An earthquake may last only a few seconds—but they may be the longest few seconds you’ll ever experience. John Caldera, an AIDS activist and longtime resident of San Francisco, lived through the 1989 Loma Prieta quake and its 7.1 magnitude. In 15 seconds, between 8,000 and 12,000 people were left homeless.
The biggest fear for positive people, Caldera says, is that an earthquake or natural calamity will disrupt the cycle of refilling medicine. “If an earthquake were to happen three days before I were to get my refill, I could be in a lot of trouble,” he says by phone. “Where do we get our meds if something goes wrong?”
“Prepare for yourself—and for another person,” he says. “Even if your supplies run out, you’ve got that second stash, or something to share with someone else who may not be as prepared as you are.”
San Francisco officials encourage positive people to keep at least seven days worth of medication available.
To suggest that Hurricane Katrina itself devastated New Orleans isn’t entirely accurate. Many residents say they were prepared for the actual storm but not for the broken levees that followed.
“I’ve been through major hurricanes, and you go away for two or three days and you come back,” says Michael Hickerson, the HIV-positive founder of In This Together, a New Orleans ASO. “That’s what we’re used to. And we would’ve come back in two or three days had the levees not broken.”
Three years after the hurricane and levee breach, Hickerson says, “There are [HIV-positive] clients that are prepared now.” But, he adds, “there are some clients who are never going to be prepared. You encourage them as much as you can. But the single mother with five children, getting medicines together—she’s going to grab diapers first.”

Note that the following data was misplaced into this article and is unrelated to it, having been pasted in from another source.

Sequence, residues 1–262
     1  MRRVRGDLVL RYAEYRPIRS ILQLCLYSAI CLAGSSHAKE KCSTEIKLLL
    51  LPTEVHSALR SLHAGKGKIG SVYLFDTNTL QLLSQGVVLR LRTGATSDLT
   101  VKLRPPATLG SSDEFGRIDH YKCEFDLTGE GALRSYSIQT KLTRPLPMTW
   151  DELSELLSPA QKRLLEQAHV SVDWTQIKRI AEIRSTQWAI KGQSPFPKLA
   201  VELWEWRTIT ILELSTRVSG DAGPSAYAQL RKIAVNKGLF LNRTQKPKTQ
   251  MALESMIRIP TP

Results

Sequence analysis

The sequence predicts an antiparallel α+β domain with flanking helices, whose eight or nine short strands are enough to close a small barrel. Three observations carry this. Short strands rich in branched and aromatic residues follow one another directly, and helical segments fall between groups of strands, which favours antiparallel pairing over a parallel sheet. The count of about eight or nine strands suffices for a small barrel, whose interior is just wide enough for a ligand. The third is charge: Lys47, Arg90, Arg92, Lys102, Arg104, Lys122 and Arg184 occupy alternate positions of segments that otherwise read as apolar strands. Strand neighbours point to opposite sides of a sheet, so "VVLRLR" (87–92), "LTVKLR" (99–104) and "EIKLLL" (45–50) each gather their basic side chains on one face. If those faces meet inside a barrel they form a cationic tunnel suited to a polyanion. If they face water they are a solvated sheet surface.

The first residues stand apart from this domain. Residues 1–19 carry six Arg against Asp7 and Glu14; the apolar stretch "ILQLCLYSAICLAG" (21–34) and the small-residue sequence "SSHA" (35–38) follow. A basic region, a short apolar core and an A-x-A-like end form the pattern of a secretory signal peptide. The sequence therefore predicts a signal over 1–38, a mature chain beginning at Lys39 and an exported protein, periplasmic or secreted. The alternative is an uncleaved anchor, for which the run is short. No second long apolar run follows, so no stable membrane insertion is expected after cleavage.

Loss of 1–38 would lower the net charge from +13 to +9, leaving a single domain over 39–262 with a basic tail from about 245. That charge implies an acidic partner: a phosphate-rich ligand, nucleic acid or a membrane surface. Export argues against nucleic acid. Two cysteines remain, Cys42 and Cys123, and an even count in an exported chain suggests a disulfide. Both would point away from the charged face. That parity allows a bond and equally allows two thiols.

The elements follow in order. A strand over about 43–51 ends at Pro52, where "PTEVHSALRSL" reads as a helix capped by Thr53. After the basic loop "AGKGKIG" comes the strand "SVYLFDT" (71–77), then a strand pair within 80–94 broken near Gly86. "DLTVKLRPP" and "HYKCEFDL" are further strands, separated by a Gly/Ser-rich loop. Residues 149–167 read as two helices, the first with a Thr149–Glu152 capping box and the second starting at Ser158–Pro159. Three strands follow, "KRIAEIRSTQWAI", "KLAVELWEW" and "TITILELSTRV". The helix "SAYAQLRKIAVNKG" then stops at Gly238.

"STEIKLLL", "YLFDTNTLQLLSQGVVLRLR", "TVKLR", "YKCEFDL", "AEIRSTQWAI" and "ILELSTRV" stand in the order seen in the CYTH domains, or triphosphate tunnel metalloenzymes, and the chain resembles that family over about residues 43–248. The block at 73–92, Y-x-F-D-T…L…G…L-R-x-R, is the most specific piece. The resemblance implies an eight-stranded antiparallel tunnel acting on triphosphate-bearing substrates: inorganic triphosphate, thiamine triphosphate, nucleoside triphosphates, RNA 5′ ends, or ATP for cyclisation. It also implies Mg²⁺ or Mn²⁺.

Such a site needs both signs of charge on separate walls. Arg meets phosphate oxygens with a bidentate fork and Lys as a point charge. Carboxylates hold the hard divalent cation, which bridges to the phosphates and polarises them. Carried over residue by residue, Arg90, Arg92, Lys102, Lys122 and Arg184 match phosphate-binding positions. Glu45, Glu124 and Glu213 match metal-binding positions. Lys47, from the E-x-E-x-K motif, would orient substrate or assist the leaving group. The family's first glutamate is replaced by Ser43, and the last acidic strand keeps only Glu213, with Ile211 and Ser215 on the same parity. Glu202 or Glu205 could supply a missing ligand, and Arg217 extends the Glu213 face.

To her knowledge, New Orleans resident and In This Together client Trenika Williams was HIV negative during Katrina. Now living with the virus, Williams, 28, says she understands the added burden during a stressful situation. That’s no excuse, she adds, for skimping on disaster preparation.
“A lot of the organizations are sending out publications on checklists or things you need in natural disasters,” she says. “But half of the people in this city still aren’t prepared. The government doesn’t have the responsibility to take care of you. You have the responsibility.”
Odeven Christopher, 48, was relocated to Charlotte, North Carolina, a week after the storm. Through the outreach and counsel of New Orleans NO/AIDS Task Force, he was able to re-established himself in New Orleans a month or two later.
“I liked it in Charlotte and came across the most beautiful people who had a wonderful understanding of my situation and really cared. But I wanted to come back home,” Christopher says.
New Orleans is still struggling to rebuild. Services are scattered, which makes it harder for people to get the treatment they need, Hickerson says. Housing, transportation and food assistance are “challenges that come with every disaster, but these are things we’re [always] dealing with,” Hickerson says. “We’re struggling with everyday life.”
• Call your local ASO and find out what fact sheets and advice it provides regarding natural disasters and preparedness. For instance, the AIDS Project Los Angeles has a food and water safety fact sheet. Having your meds won’t help if there’s no food (store canned foods and nonperishables in your evacuation kit) and water to take them with.
• Store your emergency gear in an easy to carry storage unit, such as a large covered trash container, backpack or duffle bag.
• Assemble first aid kits for your home and each car. Include prescription drugs and antibiotics in case of non-HIV-related injury, and non-prescription drugs such as aspirin, antidiarrhea meds, antacids and laxatives.
• Keep family records and insurance papers in a water- and fire-proof container.
• Ask an out-of-state friend to be your “family contact.” After a disaster, it’s often easier to call long distance. Other family members should call this person and tell them where they are. Everyone must know your contact’s phone number.
• Bank with an institution that has national branches so you can access your accounts if you’re dislocated.
• Send copies of your medical records to a friend for safe keeping.
• See if your ADAP or medical plan allows for an extra, emergency supply of HIV meds.